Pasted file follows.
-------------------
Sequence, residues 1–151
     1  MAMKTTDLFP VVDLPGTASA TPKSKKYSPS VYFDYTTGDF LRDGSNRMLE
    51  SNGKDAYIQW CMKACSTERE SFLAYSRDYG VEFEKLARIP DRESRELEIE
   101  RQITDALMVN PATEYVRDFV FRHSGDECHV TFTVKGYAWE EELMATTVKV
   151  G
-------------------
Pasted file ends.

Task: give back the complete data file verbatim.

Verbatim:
Sequence, residues 1–151
     1  MAMKTTDLFP VVDLPGTASA TPKSKKYSPS VYFDYTTGDF LRDGSNRMLE
    51  SNGKDAYIQW CMKACSTERE SFLAYSRDYG VEFEKLARIP DRESRELEIE
   101  RQITDALMVN PATEYVRDFV FRHSGDECHV TFTVKGYAWE EELMATTVKV
   151  G